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Neanderthal man speaks after 30,000 years

  • Story Highlights
  • Anthropologist reconstructs Neanderthal vocal tracts to simulate their voice
  • Result sounds like a part croaking frog or a human burping
  • Plan is to eventually simulate an entire Neanderthal sentence
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(CNN) -- It's been 30,000 years since Neanderthals walked the earth, but now we can hear what they sounded like, according to a Florida anthropologist.


Neanderthal man apparently sounded like a frog croaking or a human burping when talking.

Robert McCarthy of Florida Atlantic University in Boca Raton reconstructed Neanderthal vocal tracts to simulate their voice with a computer synthesizer.

The result is a single syllable that sounds strange and unremarkable: part croaking frog, part burping human. But McCarthy says that's because Neanderthals lacked the "quantal vowels" modern humans use.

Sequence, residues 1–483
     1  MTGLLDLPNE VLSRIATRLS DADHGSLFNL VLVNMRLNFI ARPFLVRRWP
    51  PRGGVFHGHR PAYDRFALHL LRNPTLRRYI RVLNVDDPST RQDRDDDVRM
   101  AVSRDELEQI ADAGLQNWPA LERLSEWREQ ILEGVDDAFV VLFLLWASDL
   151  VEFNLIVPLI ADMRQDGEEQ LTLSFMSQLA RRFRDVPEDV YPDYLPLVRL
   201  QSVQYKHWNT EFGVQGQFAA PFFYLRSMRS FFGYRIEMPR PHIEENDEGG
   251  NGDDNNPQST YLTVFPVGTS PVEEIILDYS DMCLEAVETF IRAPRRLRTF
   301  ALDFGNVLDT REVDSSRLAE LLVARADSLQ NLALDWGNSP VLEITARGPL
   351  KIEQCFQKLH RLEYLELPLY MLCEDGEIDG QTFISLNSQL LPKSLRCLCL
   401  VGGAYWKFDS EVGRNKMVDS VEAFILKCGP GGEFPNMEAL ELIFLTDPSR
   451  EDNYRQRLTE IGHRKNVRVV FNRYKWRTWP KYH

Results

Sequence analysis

"They would have spoken a bit differently," McCarthy said at the annual meeting of the American Association of Physical Anthropologists in Ohio this month. "They wouldn't have been able to produce these quantal vowels that form the basis of spoken language."

New Scientist magazine discussed McCarthy's findings and linked to his vocal simulation on its Web site. Listen to Neanderthal man speak

McCarthy used 50,000-year-old fossils from France to make his reconstruction, New Scientist said. He plans to simulate an entire Neanderthal sentence, the magazine reported.

To reconstruct the vocal tracts, McCarthy teamed with linguist Phil Lieberman, who worked in the 1970s to deduce the dimensions of a Neanderthal larynx based on its skull. E-mail to a friend E-mail to a friend

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